Saturday, December 17, 2022


Sam by Allegra Goodman
1/3/23; 336 pages
Dial Press, Random House

Sam by Allegra Goodman is a recommended coming-of-age story narrated by the protagonist from ages 7 to 19 years-old.

Sam is an active seven-year-old girl who lives with her mother, Courtney, and half-brother, Noah, in Beverley, Massachusetts. Courtney does her best but she has to work hard trying to make ends meet and doesn't have a lot of extra time or energy. Sam adores her father, Mitchell, but he can be an unreliable part of her life. What he does do right is introducing Sam to climbing, a sport she enjoys. Climbing is something she enjoys and continues doing as she grows up even as she struggles to fit in with others.

The novel is narrated by Sam in the third person present tense. At the beginning the sentences are very simple and child-like to resemble a seven year-old and then become increasingly more complex as Sam grows up. As a reader, this strategy wasn't entirely successful for me, especially at the opening of the novel. Later sections of the novel where she deals with what is a serious, actionable situation, her limited point-of-view is too narrow and restrictive.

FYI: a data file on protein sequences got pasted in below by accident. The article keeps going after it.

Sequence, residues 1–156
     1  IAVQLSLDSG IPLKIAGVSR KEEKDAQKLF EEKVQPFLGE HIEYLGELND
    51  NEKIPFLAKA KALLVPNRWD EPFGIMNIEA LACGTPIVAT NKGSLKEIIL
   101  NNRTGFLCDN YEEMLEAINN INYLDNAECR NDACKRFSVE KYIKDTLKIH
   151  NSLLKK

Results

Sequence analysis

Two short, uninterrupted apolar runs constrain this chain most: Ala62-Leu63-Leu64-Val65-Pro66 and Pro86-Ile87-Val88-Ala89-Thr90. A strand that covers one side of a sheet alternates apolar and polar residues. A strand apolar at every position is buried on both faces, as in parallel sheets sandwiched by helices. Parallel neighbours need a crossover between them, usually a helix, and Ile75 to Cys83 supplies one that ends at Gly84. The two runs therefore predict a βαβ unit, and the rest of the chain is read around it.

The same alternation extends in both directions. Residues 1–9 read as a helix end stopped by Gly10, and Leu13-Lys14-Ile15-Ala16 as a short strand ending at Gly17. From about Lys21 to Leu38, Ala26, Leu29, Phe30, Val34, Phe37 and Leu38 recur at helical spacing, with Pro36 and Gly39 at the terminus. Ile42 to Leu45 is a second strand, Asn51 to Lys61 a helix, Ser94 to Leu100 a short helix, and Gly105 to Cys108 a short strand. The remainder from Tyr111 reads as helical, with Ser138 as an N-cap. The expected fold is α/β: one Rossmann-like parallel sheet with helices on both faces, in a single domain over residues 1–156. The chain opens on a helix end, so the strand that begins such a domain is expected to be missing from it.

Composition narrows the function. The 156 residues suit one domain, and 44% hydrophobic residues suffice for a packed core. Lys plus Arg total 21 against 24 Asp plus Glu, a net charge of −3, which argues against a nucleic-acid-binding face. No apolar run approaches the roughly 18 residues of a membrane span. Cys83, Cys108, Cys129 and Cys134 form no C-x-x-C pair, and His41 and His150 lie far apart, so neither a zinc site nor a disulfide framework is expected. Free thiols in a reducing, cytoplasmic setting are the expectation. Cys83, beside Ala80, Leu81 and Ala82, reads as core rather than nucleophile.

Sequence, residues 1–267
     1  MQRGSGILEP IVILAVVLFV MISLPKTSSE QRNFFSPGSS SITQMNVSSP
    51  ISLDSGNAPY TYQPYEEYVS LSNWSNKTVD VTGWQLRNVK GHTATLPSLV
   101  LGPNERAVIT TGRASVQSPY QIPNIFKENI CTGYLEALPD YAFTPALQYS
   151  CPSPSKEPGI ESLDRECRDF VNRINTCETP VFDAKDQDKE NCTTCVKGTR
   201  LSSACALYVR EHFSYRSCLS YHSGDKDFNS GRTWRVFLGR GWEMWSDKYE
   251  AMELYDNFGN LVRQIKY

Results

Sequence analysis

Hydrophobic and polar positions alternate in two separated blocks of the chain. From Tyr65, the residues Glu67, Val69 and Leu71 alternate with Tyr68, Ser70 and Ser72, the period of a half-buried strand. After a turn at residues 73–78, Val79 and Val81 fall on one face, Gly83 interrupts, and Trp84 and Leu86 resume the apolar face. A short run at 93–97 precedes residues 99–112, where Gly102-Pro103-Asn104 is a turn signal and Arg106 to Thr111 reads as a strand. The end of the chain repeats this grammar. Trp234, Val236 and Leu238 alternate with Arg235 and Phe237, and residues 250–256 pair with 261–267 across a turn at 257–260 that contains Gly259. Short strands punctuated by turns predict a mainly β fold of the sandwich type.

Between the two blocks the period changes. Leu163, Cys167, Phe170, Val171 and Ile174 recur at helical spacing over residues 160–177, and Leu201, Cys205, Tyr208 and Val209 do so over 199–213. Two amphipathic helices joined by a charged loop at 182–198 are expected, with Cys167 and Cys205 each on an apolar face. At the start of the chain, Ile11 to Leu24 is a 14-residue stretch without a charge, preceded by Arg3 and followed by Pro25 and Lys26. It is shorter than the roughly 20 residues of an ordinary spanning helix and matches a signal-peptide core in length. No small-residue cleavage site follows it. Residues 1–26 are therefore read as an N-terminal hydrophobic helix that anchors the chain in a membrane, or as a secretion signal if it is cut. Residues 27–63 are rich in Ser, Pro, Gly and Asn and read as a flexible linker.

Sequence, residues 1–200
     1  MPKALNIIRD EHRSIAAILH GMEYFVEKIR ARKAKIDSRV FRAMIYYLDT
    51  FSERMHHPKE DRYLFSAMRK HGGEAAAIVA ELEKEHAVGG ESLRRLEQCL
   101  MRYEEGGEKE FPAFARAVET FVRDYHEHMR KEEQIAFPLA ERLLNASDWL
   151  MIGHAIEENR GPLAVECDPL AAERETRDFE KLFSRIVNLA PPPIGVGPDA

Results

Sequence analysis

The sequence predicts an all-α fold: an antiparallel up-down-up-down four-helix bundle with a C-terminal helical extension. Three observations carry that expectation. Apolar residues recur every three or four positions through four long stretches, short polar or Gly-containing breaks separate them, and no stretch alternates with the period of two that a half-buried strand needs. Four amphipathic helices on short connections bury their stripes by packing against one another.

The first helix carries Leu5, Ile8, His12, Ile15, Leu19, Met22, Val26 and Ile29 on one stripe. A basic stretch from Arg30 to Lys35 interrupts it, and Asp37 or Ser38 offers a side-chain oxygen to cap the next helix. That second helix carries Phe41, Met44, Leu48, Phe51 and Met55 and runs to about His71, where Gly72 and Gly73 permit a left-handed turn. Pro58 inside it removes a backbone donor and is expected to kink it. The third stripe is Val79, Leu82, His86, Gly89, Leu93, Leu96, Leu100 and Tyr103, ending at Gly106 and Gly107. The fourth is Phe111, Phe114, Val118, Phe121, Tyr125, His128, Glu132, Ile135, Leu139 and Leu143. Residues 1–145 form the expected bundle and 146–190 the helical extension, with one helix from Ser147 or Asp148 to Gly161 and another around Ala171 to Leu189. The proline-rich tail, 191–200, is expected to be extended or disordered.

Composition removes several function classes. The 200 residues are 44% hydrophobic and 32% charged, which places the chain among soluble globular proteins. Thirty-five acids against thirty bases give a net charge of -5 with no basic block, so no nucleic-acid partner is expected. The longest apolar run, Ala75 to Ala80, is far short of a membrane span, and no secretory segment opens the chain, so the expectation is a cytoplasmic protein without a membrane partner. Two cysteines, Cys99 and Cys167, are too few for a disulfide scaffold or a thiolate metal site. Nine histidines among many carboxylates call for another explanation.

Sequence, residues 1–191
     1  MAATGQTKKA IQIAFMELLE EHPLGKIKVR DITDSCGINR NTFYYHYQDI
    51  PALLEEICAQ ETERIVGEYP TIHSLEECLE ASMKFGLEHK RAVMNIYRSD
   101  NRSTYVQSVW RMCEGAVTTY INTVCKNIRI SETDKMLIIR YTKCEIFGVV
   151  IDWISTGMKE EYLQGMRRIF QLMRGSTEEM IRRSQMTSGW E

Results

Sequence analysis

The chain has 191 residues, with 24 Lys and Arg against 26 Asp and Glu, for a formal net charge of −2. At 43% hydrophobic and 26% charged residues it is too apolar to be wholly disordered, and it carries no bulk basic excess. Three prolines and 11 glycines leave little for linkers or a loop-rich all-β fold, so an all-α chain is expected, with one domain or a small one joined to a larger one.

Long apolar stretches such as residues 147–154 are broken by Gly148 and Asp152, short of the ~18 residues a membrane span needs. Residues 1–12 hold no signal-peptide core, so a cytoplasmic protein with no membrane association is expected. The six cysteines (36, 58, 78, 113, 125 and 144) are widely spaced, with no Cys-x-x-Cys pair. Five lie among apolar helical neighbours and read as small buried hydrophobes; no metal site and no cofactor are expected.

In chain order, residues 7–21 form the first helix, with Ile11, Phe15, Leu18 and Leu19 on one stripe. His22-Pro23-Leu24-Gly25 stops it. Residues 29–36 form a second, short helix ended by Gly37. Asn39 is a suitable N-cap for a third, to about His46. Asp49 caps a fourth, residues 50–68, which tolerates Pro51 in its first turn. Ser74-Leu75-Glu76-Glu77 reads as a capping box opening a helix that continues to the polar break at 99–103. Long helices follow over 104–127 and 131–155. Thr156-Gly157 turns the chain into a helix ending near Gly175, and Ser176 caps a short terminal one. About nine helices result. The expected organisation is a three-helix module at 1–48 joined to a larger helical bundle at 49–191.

Sam's love of climbing and her striving to excel at the sport does show her focus and determination to attain her goals despite her insecurities in other areas. All of the sections concerning climbing are descriptive and insightful. The narrative also competently describes her complicated life in a dysfunctional family. Her father struggles with addiction, something which she doesn't understand when young. Her mother has poor judgment in men; this doesn't just include Mitchell as Noah's father, Jack, is abusive. 3.5 rounded down.

Disclosure: My review copy was courtesy of Random House/Dial Press via NetGalley

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